Facebook Launches @ Tagging

Thursday, 10 September 2009

Facebook is going through changes faster than a pre-teen hitting puberty: first, they removed regional networks, then they streamlined the inbox and today they announced the addition of tagging to status updates and posts. Sounds like par for the course; Facebook was one of the first social networks to allow and even encourage tagging. But we’re used to tagging photos and media that clearly show the person we are tagging; status updates are usually quick thoughts, snippets of words and random musings. So how will tags function in this text based content?

With an @ sign, just like on Twitter. Well, with a little bit of a Facebook spin. The ‘book has always been handy with predictive search, and their new tagging system for status updates and posts will rely heavily on predictive typing.

Just Like Twitter…

When you want to tag someone in text, just like on Twitter, you begin with an @ symbol, then start typing their name. Facebook will take over and show you friends whose names match the letters you have typed, as it does in photo tagging or event invites.

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What Removing Regional Facebook Networks Means for You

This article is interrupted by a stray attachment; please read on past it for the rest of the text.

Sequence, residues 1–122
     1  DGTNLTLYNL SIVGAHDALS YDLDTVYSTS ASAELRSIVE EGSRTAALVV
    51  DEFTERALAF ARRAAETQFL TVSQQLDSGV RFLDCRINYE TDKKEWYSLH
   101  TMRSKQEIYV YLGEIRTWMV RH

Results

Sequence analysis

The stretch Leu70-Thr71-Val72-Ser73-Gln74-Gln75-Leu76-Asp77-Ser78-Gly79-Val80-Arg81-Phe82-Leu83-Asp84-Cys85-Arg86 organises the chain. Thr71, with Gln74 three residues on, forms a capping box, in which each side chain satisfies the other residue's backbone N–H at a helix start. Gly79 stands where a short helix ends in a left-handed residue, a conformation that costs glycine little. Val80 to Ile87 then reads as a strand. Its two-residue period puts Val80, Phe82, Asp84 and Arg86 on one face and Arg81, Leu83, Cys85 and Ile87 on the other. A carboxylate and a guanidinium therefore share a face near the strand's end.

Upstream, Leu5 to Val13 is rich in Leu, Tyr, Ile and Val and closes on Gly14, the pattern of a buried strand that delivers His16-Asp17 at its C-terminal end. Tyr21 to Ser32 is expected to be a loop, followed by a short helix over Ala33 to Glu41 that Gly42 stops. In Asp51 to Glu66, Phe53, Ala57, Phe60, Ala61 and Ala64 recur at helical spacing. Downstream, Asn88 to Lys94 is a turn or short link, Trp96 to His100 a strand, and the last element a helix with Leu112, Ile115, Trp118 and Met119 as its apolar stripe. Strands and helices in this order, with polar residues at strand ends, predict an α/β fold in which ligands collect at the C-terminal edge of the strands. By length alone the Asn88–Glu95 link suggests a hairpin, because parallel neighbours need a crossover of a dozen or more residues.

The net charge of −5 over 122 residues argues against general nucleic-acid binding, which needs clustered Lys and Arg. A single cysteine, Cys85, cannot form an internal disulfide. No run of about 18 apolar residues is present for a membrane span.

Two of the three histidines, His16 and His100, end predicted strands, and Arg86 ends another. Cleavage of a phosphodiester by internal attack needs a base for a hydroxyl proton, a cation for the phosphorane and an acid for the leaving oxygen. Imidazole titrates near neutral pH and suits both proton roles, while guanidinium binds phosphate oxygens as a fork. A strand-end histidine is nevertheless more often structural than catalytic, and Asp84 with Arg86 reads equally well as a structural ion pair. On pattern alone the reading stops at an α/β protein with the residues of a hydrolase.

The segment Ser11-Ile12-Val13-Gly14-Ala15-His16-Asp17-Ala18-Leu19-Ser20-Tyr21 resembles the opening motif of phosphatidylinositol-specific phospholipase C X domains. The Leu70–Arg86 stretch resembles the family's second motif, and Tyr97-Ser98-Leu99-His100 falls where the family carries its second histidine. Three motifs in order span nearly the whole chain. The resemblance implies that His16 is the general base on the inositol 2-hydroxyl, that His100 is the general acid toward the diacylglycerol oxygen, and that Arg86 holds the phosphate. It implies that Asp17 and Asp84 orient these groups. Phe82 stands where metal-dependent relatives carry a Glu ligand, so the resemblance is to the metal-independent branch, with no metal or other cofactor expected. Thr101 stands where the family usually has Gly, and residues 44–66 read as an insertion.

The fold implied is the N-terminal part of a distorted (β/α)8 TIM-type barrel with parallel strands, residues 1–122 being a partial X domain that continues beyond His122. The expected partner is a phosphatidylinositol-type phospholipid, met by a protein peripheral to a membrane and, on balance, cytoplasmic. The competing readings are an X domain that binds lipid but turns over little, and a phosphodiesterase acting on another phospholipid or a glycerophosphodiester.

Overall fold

Thursday, 03 September 2009

Facebook has been making a lot of big (and small) changes lately…like moving from a round to a sharp corner on avatars and cleaning up the look of your inbox. But while the regional network change may sound like just another Facebook tweak, it’s actually kind of a big deal. And not in the Will Ferrell way.

No More Local Networks

When Facebook first launched, it was for Harvard students only, then the Ivies, and gradually more and more colleges and universities. Finally, this social network opened up to anyone with an email address and started down the road to the site as we now know it. But Facebook’s college connection roots started a precedent for how people “got found,” creating college networks within this larger social graph. When users signed up they had to use their school email address, automatically identifying and adding themselves to their school’s network.

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